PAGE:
database.Add(new DatabaseRecord { EphemeralKey = bundle.EphemeralDhmPublicKeyBlob, Ciphertext = ciphertext });
        }
    }

    private class Client
    {
        private CngKey privateKey;

        public Client()
        {
            privateKey = CngKeyExtensions.CreateNewDhmKey();
        }

        public byte[] PublicKey => privateKey.GetPublicBlob();

        public string Decrypt(byte[] ephemeralKey, byte[] ciphertext)
        {
            var sharedSecret = privateKey.GetSharedDhmSecret(CngKeyExtensions.ToPublicKeyFromBlob(ephemeralKey));
            var plaintext = SuiteB.Decrypt(masterKey: sharedSecret, ciphertext: ciphertext);
            return Encoding.UTF8.GetString(plaintext);
        }
    }

    public static void Main()
    {
        // One time setup
        var client = new Client();
        var server = new Server(client.PublicKey);

        // Client makes a request
        var plaintext = "Hello Asymmetric Encryption!";
        server.Encrypt(plaintext);

        // Client recovers a message
        var record = server.Database[0];
        var recoveredPlaintext = client.Decrypt(record.EphemeralKey, record.Ciphertext);
        Console.WriteLine(recoveredPlaintext);
    }
}
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Recommending specific tools (including libraries) is out of scope for this site - things change too fast, and are recommendations are too often subjective - but I'll give you a few examples of things you can use.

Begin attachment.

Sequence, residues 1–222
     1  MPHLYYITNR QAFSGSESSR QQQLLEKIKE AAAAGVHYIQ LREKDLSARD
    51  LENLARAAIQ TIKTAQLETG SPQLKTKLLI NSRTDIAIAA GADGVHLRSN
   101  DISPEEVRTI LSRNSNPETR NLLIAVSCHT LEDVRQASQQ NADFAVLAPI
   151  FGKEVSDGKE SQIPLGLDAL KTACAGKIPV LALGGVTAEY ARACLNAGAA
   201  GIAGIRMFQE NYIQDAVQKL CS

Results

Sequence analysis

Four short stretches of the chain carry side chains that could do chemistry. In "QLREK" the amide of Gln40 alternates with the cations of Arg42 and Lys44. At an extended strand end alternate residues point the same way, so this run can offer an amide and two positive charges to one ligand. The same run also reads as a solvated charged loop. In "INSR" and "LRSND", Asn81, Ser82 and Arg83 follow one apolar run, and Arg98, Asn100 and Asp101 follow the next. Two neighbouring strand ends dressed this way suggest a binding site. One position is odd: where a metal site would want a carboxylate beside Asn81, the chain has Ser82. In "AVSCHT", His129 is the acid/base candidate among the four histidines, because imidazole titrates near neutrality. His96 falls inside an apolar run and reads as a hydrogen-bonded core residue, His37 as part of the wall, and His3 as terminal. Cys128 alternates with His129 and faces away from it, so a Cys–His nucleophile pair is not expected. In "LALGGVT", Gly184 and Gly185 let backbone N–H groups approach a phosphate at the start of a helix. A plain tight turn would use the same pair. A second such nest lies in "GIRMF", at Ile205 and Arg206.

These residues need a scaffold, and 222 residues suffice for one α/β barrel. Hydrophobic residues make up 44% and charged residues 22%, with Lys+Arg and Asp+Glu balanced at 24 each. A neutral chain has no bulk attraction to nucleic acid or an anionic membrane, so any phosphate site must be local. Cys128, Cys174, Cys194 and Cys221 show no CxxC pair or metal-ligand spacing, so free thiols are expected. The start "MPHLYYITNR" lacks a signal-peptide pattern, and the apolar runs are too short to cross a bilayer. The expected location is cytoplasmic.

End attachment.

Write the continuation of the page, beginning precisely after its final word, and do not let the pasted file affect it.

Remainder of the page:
1. Use an existing hybrid cryptosystem, such as GNU Privacy Guard (gpg) or anything else implementing the OpenPGP standard. Once all nodes have their own keypair, with each recipient having the message sender's public key and the sender has the recipients' public keys, creating signed-and-encrypted messages is easy: gpg -s -e -r <recipient> <file>. Of course, that's made for command line use; for programmatic use you might want to P/Invoke the API or use a compatible .NET library such as BouncyCastle.

  2. Use an all-in-one library that handles the asymmetric and symmetric crypto for you, ideally taking care of things like message authentication. Libsodium (a portable clone and extension of NaCl) is one such. The documentation includes instructions on generating key pairs, using them to exchange symmetric keys, and using the symmetric keys secure messages.

  3. Use a lower-level library. This is NOT RECOMMENDED as there are lots of considerations that go into secure cryptosystems that are easy to get wrong. Nonetheless, the fundamentals of hybrid crypto are simple enough:

    1. Key pairs for all parties, everybody else knows the other parties' public keys
    2. Use key pair to securely exchange a symmetric key, either by:
      • Generating it on one end and encrypting it to the other end's public key
      • Using a Diffie-Hellman (or similar) key exchange signed by the private key
    3. Use symmetric key to encrypt (and authenticate) the message
    4. Send the encrypted-and-authenticated message to the recipient, along with the key exchange data (if needed)
    5. Recipient retrieves the symmetric key, either by:
      • Decrypting the encrypted symmetric key with their private key
      • Completing the key exchange (if that didn't happen earlier)
    6. Recipient uses the symmetric key to decrypt (and verify) the message